“Hmm. Show me your other side,” he said, again referencing my teeth. I did. He started laughing.

“Maybe you can photoshop a little bunny into the pictures, going after all the carrots,” I suggested.

I silently made a vow that if I ever had my photo taken again, I would floss beforehand. Twice.
As Kevin worked on the photos, I sat there thinking about imperfection. About my Forest Whitaker eye and my carrot teeth and my nose smile. When I zoomed out and focused on the whole picture, the photos looked really, really good. So why was I focusing on the imperfections, which we all have?

“Which one is your favorite?” Kevin asked.

“That one,” I said. I liked the little orbs of light in the background.



“Really? That’s actually my least favorite. I think you look a little inhibited in that one,” he said. “This is my favorite. I feel like it really shows who you are.”

Later, my mom would declare that Kevin had “captured my essence,” in that photo.

Ever since I left the studio, I’ve been thinking about superpowers and imperfection.

It occurred to me afterwards that one of my superpowers is that people often feel really comfortable sharing personal things with me. I frequently hear, “I don’t usually share stuff like that with other people.” Just the other day, I was getting some bodywork done and the practitioner, who is highly professional, ended up sharing some very personal issues her family was facing. As I was leaving, I said, “I’m really sorry you’re going through that.”

She looked a little alarmed. “I don’t usually share stuff like that with my clients.”

“I know you don’t,” I said, with a gentle smile.

In retrospect, during my visit, I’d been vulnerable with her and had talked about my issues with anxiety. Though my focused attention on my own flaws causes me a lot of discomfort, I think that my ability to openly share those flaws might be related to my tendency to make other people feel comfortable. Because I am fairly at ease with removing my social masks, other people feel like they can go ahead and lower theirs a bit, too. It’s not unlike how I trusted Kevin’s instincts because I could tell that he did.

So much of my personal growth work is about accepting the whole deal. The grey area. The AND. The carrot teeth AND the photo that I love. The superpowers AND the vulnerabilities, both of which our world desperately needs. And seeing that sometimes, sometimes, they are actually one and the same.

What’s your superpower?





  1. Both photos are great, but that second one is tremendous. Nice work by everyone involved!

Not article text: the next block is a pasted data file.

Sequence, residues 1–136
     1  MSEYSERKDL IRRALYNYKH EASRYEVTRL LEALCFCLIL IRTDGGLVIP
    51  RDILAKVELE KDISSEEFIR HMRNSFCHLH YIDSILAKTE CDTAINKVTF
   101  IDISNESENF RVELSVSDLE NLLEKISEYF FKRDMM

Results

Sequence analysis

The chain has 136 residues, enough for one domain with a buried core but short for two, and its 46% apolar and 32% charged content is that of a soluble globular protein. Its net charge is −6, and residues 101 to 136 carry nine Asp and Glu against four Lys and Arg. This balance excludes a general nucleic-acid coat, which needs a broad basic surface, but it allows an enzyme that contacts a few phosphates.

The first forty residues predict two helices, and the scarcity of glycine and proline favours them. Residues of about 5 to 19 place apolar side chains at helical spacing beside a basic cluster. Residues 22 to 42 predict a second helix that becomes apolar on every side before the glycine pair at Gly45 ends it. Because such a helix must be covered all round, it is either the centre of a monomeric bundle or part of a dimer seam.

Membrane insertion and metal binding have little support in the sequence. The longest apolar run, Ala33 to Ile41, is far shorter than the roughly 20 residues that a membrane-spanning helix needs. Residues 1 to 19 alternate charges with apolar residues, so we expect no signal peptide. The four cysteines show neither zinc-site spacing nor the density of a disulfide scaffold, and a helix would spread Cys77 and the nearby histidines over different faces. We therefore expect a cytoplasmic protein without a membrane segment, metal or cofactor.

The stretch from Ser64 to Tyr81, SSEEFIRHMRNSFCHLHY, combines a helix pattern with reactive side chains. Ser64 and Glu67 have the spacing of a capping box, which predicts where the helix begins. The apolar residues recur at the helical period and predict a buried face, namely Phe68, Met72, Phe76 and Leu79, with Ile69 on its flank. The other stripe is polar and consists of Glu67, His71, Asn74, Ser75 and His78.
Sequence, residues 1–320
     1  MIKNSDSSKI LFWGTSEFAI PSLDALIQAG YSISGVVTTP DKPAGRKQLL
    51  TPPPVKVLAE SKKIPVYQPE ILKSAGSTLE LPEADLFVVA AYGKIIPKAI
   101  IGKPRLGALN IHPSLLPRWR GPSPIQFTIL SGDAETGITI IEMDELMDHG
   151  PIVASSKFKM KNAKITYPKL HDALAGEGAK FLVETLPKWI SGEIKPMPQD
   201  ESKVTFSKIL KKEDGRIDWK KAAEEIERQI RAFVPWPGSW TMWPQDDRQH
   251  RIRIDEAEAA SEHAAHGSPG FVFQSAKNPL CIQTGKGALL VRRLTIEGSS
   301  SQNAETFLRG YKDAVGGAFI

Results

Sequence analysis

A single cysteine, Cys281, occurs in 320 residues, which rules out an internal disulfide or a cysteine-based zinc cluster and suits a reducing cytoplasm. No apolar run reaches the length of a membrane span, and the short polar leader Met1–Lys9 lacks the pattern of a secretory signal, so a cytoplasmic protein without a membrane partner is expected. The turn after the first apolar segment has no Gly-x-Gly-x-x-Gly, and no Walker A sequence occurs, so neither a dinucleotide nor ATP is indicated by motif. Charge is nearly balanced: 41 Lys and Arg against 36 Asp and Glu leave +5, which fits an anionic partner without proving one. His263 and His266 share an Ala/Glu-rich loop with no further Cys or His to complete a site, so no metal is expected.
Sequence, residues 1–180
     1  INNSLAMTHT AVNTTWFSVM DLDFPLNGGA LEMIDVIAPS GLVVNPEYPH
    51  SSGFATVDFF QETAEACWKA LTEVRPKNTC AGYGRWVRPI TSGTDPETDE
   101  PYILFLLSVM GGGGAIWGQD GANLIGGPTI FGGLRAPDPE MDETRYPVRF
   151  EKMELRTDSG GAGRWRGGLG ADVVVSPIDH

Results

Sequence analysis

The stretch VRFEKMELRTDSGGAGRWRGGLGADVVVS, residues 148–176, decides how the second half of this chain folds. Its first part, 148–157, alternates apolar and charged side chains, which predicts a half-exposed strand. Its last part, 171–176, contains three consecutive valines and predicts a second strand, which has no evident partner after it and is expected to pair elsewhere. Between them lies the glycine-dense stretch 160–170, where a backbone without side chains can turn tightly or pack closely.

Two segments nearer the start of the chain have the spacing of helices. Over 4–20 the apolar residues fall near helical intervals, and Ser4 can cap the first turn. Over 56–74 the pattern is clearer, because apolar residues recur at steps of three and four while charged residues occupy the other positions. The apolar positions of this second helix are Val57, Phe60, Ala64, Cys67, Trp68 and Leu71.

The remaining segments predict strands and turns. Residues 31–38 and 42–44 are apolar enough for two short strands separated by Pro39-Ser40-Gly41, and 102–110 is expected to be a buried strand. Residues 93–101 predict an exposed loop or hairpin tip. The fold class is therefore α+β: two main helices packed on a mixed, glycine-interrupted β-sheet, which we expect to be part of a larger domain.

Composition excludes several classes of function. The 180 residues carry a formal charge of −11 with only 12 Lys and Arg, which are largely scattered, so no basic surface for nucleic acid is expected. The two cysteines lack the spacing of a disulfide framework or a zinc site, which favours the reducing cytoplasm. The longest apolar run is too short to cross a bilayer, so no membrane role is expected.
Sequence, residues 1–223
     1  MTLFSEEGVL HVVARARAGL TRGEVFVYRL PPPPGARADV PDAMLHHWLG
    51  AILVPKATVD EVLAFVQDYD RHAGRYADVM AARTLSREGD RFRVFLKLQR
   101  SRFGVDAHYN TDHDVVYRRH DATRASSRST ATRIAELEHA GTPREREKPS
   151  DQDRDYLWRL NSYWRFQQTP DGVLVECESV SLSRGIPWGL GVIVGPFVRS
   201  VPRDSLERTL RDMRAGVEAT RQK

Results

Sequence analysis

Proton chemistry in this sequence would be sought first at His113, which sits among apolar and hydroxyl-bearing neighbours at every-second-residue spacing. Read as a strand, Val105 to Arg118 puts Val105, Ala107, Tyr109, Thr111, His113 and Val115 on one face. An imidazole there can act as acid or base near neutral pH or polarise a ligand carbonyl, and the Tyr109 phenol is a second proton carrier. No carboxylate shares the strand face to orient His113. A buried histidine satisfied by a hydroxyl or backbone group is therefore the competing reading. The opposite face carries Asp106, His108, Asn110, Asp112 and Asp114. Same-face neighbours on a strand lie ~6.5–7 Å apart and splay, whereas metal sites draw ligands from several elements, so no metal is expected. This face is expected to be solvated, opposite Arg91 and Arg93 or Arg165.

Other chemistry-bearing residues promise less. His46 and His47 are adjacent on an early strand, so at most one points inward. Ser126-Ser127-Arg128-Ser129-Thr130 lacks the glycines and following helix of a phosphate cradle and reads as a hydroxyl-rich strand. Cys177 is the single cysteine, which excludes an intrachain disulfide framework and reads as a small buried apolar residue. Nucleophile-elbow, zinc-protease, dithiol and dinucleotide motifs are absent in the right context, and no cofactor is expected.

And how exciting about the new website. I, too, am doing a redesign on my site and - lo and behold - had head shots done this past week. Talk about an odd experience indeed!

    As for my superpower, it's seeing the potential in someone that they don't even see in themselves. I've been told many times that I make people feel like they can genuinely do anything. I don't lie or boost people up without cause; I suppose I just can see a person's strengths and support those strengths even when all they can see are weaknesses. It's a fun superpower to have - to let people see themselves. As your photographer did by capturing that great shot of you!

    1. Thanks Rebecca! Too funny that we both got headshots last week!

      Wow, that's a wonderful superpower to have, Rebecca. We need more people like you in our world, for sure!

  2. That second photo really is great, Lynn. I think it captures you perfectly. I recently had a friend take a few photos of me. All I could see were the lines around my eyes. I think I need to take a look again. And see which ones my husband likes. I'm quite certain I'm not seeing them the way I should. :)

    1. Thanks Jen! Yes, good point on asking Matt which one he likes! We can be so hard on ourselves!

  3. I loved that second photo when you posted it on facebook. I had no idea you had such an interesting time having it taken. I agree with your mom, that photo is special.

    1. Thanks Beth! Yes, it was quite an experience! Hugs to you.

  4. i am so happy you like the photos!!! i had such a good time. :)

    1. Awww, thanks Kevin. I had a great time too! And yes, I love the photos!